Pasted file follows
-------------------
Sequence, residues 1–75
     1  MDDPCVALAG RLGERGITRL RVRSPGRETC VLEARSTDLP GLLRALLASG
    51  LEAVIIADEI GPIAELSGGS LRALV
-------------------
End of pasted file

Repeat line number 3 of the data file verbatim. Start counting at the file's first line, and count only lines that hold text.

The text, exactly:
    51  LEAVIIADEI GPIAELSGGS LRALV